Goldenrod is a sunlight carrier worth knowing. Not only is it a widely abundant and generous herb in our region (and in many northern and temperate climates), but it also offers tremendous medicine. It's helpful to take as a tea for infections like colds and flu for stuffiness and congestion in the head, ears, nose and throat. Its antimicrobial medicine will help to clear out unwanted pathogens in these areas, reducing inflammation and drying up mucus buildup that comes with them. Allergies that bring symptoms in this area (such as hay fever) can also be relieved with goldenrod's support. It not only addresses bacterial infections and inflammation, but it's also a decently powerful anti-fungal herb. With a similar drying, revitalizing action to the sunlight, goldenrod can be employed anywhere in (or on) the body to help reduce and clear the effects of mold, candida overgrowth, athletes foot and other fungal infections. It is also a cleansing, detoxifying herb that works largely through the kidneys and bladder. This means it is very helpful in infections in these organs too as a soothing, anti-inflammatory, immune-stimulating diuretic.
Like its blooms who arrive in mid-August and linger all the way through to late September, Goldenrod medicine lends endurance. I think of goldenrod flowers as gatherers and storers of sunlight. The plants spend the majority of the summer forming leaves and stems, without any indication of flowering until fairly late in the season. When the blooms burst forth at last, they glow with a rich, bright yellow that suggests a deep, enduring warmth like the long rays of sunlight on an early autumn afternoon. These flowers attract pollinators of all sorts to gather their stores of nourishment for months into the future. Their medicine lends this endurance energy to those who consume it. Goldenrod tea can be a wonderful drink on a day when there is lots to do, but less energy or motivation to do it. It can help to ease exhaustion, and gently stimulate movement out of depression. Like St John's Wort, Goldenrod also makes a beautiful, warming, anti-inflammatory infused oil. The fresh flowers can soak in a clear jar, covered in the oil of your choice (I often use sunflower oil) with a lid on it in the sunlight for about four weeks. When strained out, this oil can be massaged into sore places, used to help heal injured skin, and as mentioned above, rubbed into sites of fungal infection to help it to clear.
Birdsfoot Trefoil Lotus corniculatus
Birdsfoot Trefoil works in harmony with sunlight to make an energizing, uplifting flower essence. Flower essences are vibrational remedies, made with focused intention, from flowers, water and sunlight, and preserved with bit of alcohol. The vibrational aspect refers to the fact that the flower essences influence us primarily on a non-physical level, affecting our energy, mind and emotions much more than they have any sort of direct influence on the physical body. They are extremely diluted so that their medicine is safe to take, without concerns of contraindications. Instead, they nudge the system to change on a vibrational level. This translates to shifts in unhealthy psychological and/or emotional patterns when the appropriate remedy is chosen. If it is not the appropriate remedy, usually nothing will change at all. These fiery July blooms carpet open fields and lawns, like a reflection of bright summer sunlight growing all over the ground.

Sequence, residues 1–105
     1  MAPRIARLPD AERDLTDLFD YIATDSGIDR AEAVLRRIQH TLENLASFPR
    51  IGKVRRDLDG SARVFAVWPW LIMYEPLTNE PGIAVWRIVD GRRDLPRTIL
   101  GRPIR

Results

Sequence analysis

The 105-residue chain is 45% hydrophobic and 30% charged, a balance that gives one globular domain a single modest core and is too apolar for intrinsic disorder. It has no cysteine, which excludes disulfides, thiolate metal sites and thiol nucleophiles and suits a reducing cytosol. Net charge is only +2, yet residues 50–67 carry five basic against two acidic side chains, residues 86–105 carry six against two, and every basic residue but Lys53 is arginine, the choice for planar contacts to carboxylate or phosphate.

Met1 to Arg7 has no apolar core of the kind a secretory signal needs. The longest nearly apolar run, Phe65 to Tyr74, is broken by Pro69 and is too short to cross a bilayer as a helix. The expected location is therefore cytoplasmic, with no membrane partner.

I think of birdsfoot trefoil flower essence as a remedy that brings energy and life force into a slow or stagnant system. It brings motivation to move and to heal. It can help those who are exhausted, depressed from lack of sunlight and lack of movement, and weak as they slowly recover from illness or a period of stress. Like its name (and the appearance of its flower) suggests, birdsfoot trefoil brings in the flitting, light energy of a bird. It helps us to take flight. The diluted remedy can be taken, just a few drops at a time in a glass of water. Its feeling is a bit like a sunny morning, and it is best to take this one early in the day to avoid energizing too much before bed time.
In a land where winter dominates the landscape for a decent chunk of the year, we're lucky to have access to sunlight medicine in the form of plants. When harvesting and preparing these medicines through the summer months, I give thanks to the sunlight embedded within them, which I know will help to carry us through until the soil softens and sprouts emerge, bringing us around again into a new season of growth.